The song comprises 12 verses arranged in three sets of four verses and each of those three sets ends with a conclusion, the chorus of the song: "Only one thing I did wrong, stayed in Mississippi a day too long”. The chorus has no doubt the key to come to some sort of understanding of the meaning of the song and we will discuss the chorus in depth after the fourth verse but let’s here suffice it to say that in his 2001 Rolling Stone interview Dylan said that “Mississippi” has “knifelike lyrics trying to convey majesty and heroism”. Indeed there is majesty and heroism in the lyrics of this song but we will see that this majesty and heroism shows itself not so much in- what we would usually expect- in glamour and courage but in all vulnerability and ostensible weakness and fragility which the poet expresses in this song, just like the apostle Paul once said: “for when I am weak, then I am strong” (2 Cor 12:10). We are going to find out in the analysis of this song that it is drenched in the imagery of the Biblical wisdom literature such as the Book of Job, the Psalms and the book of Ecclesiastes but also on the Pentateuch. So let’s see how we can piece all these things together and in a verse by verse analysis.
Verse 1
Every step of the way we walk the line
Your days are numbered, so are mine
Time is piling up, we struggle and we scrape
We’re all boxed in, nowhere to escape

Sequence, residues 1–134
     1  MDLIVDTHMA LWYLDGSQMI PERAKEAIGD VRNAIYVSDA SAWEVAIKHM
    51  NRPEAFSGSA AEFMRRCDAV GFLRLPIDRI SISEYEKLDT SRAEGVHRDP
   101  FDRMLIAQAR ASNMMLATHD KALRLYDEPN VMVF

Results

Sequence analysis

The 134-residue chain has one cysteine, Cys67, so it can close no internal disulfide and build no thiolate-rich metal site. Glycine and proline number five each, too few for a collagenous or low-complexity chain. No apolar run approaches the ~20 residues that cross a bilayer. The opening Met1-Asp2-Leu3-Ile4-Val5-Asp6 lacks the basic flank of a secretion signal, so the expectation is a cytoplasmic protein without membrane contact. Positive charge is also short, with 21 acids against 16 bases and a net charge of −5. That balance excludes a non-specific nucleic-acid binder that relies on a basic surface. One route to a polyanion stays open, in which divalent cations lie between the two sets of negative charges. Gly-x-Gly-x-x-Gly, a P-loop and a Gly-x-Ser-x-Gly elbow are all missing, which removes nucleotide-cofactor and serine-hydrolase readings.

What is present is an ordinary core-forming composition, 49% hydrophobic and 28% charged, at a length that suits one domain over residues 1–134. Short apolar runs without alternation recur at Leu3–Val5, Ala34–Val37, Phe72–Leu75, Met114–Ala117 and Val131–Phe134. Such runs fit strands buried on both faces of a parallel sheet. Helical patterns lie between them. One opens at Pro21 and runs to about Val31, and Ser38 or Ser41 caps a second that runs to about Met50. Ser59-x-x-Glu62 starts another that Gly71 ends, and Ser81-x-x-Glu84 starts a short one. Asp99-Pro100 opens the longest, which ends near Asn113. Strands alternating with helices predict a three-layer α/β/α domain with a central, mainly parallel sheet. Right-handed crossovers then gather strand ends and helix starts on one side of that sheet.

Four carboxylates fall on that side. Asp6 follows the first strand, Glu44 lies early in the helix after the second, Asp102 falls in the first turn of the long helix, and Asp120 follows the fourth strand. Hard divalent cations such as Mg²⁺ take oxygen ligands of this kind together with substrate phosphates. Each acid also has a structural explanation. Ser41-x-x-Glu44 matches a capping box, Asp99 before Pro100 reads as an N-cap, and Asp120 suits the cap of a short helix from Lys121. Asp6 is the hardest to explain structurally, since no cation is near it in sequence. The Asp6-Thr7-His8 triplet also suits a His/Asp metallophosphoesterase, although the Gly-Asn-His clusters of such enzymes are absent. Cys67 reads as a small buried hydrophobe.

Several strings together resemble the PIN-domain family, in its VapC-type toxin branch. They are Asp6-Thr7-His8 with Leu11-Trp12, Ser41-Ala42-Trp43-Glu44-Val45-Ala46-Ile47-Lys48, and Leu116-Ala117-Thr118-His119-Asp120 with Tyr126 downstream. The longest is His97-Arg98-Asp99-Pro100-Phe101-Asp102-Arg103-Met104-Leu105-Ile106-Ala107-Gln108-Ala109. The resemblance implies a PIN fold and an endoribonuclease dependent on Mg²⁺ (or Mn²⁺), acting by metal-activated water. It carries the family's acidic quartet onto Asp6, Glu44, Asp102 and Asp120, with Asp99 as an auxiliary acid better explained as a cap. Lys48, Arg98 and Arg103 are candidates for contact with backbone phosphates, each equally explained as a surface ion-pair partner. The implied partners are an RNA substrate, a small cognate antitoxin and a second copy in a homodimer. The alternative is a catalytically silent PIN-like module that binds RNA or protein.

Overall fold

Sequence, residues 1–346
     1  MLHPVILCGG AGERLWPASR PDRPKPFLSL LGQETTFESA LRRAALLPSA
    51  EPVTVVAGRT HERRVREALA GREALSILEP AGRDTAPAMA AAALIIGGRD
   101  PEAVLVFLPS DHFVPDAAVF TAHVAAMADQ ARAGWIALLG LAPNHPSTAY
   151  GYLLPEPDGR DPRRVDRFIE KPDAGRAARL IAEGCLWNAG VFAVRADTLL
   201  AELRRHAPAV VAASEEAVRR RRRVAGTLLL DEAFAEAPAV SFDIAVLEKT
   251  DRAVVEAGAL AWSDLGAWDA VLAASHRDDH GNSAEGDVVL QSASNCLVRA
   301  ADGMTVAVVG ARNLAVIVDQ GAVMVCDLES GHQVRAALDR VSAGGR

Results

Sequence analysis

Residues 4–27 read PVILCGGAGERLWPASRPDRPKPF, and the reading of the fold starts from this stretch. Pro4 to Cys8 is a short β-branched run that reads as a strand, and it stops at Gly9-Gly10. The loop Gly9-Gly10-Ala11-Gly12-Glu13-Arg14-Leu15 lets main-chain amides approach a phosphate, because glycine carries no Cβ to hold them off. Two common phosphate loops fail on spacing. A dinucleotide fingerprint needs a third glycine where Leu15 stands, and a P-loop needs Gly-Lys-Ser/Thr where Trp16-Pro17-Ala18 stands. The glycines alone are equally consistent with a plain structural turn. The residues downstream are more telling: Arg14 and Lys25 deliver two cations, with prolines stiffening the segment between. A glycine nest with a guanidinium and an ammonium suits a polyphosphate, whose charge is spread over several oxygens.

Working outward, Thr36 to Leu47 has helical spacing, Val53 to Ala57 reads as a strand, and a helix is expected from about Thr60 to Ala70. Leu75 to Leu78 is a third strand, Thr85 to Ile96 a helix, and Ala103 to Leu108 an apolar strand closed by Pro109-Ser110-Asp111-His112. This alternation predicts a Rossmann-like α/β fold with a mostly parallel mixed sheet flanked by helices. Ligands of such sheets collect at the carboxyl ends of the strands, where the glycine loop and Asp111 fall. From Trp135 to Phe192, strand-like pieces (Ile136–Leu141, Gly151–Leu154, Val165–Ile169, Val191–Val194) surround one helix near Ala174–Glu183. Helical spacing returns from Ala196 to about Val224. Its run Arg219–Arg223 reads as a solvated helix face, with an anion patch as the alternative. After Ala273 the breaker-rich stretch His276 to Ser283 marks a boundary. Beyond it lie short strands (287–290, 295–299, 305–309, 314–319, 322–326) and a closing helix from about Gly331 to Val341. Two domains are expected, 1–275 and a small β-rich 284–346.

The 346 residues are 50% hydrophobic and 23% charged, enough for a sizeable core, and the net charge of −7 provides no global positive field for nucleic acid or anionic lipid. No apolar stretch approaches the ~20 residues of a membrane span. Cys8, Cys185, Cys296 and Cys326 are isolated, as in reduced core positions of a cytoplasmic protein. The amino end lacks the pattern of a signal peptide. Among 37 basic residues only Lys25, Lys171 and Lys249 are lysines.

First of all, when it says: “Every step of the way we walk the line” this line bears the marks of the main theme of the album “Time out of Mind” for which this song was originally composed. The main theme of “Time out of Mind” is “movement”. Movement in whatever direction so it is no surprise to begin the song with “Every step of the way”. This verse – and also other verses in this song for that matter - expresses ‘destiny’ but destiny not seen from a divine stance but destiny seen in a way as we- mortal beings- often experience destiny. We invariably experience destiny in a negative way, as some sort of fatality from which there is no escape. But we must not forget that this is not how God sees destiny. From a divine stance it is better to use the word ‘providence’. The word ‘providence’ has a positive meaning, it means that God protects, guides, and takes care of every step in our life in order to take us safely home, reassuring us so that we conclude: ”Every step of the way we walk the line”. This notion resembles what Paul says in Rom. 8:28: “We know that in everything God works for good”. But this seems by no means the feeling the poet intends to express in this verse. In this verse ”Every step of the way we walk the line” seems much more a statement of desperate resignation, everything has been predetermined and things go as they go. There is certainly a strong feeling of destiny here but at the same time there is this idea that there is nothing one can do against the destructing powers of destiny, there simply seems no escape from it. According to the English dictionary -the Wiktionary- one of the meanings of “To walk the line” is “To behave in an authorized or socially accepted manner, especially as prescribed by law or morality”. Some on the internet have argued that “Mississippi” is a socio- political song, depicting the status of American politics and social order. If this were right “To walk the line” would mean for citizens to act and behave exactly in accordance with whatever the ruling order prescribes you to do. Maybe these commentators were inclined to think into this direction because of what Dylan said in his 2001 Rolling Stone interview about “Mississippi”. Dylan, criticizing the attitude of Daniel Lanois towards the song, then said “that the song has more to do with the Declaration of Independence, the Constitution and the Bill of Rights than witch doctors, and just couldn't be thought of as some kind of ideological voodoo thing”. We all know that -especially in interviews- Dylan is fond of expressing himself cryptically, making it not easy to understand what exactly he may have had in mind, but our take on it is that Dylan intended to say that just like the foundation of the American nation is solidly and legally laid down in the official laws and documents, “Mississippi” likewise has a strong foundation, based on the hard facts laid down in the Scriptures rather than on some vague etherical voodoo ideology full of superstition. We conclude that when it says ”Every step of the way we walk the line” the poet may intend to say that every step we make in life is predetermined by the powers from above, by God. In this process it looks as if human responsibility is wiped out and that the human existence is nothing more than wind, like “The wind that blows to the south and turns to the north; round and round it goes, ever returning on its course” ( Ecclesiastes 1:6 NIV).This sense of vanity is certainly how the human existence sometimes feels but it does not necessarily mean that in reality this is the case.